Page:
Fighting Like Cats and Dogs
Yorkshire Terrier hates all things feline.
Q. Our 4-year-old Yorkshire Terrier, Zoee, is a precious dog and we love her dearly, but she hates cats. Our daughter — who takes care of Zoee when we travel — has a kitten and had an older cat who died recently. Zoee fought all the time with the older cat. Although he cut her several times with his claws, Zoee went back for more. I think Zoee would kill the kitten if she could get a hold of it.
Nothing we’ve tried works. We are desperate, as our daughter is the only one we have to watch her when we’re away. Any help would be appreciated.
Also (and this is our fault) Zoee will not eat dog food — only boiled chicken. We’ve been told if we don’t feed her anything but dog food she will eat it when she gets hungry enough. I tried that last week for three days and she ate nothing. I finally gave in and gave her chicken. Any ideas?
A. If you really think Zoee might harm your daughter’s kitten, you need to arrange some way to keep the pets separated so neither gets hurt. It’s not reasonable to put the kitten in danger, so Zoee may need to stay confined with baby gates or a folding pen in one area of your daughter’s home so the kitten can move safely through the house. It is, after all, the kitten’s home and, if Zoee is aggressive, the kitten must be protected from her.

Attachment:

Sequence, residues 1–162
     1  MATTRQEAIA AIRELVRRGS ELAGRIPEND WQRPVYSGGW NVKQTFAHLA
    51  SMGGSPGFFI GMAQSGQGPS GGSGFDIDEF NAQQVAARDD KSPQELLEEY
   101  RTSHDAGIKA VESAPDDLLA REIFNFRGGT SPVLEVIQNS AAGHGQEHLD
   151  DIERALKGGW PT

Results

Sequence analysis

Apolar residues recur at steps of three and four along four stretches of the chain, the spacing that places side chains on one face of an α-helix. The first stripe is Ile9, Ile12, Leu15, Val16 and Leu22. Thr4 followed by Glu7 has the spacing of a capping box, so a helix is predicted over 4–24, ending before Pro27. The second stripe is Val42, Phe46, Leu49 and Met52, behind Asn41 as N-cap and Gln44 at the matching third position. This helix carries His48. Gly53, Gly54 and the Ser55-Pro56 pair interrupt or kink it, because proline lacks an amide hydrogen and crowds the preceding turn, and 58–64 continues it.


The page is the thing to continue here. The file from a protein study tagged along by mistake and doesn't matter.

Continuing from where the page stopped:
As for feeding Zoee nothing but boiled chicken: Though your motivation for doing this is your love for her, you’re actually putting her health at risk. It’s not necessary to feed your dog commercial dog food if you don’t want to — many people feed their dogs a home-prepared diet. The problem is that a one-item diet like the one you’re feeding Zoee provides very poor nutrition for a dog. A pure-meat diet might seem like the natural way to feed a dog, but that’s not true. Pure muscle meat provides protein and some fat, but it doesn’t provide all the nutrients a dog needs for maintaining good health. There are balanced, human-grade foods, formulated for dogs, available in the frozen food case at many pet stores. You might try feeding Zoee one of those. Or if you choose to feed her home-cooked meals, study up on the nutritional requirements of dogs and make sure you balance her diet to provide all the nutrients she needs.
Incidentally, there is some evidence from nutritional studies that dogs fed overly-high levels of protein can tend to become more aggressive. From this we might even suspect that Zoee’s diet could be contributing to her high level of aggression with cats.
So, fix Zoee’s diet, buy your daughter some baby gates, and have a nice trip!
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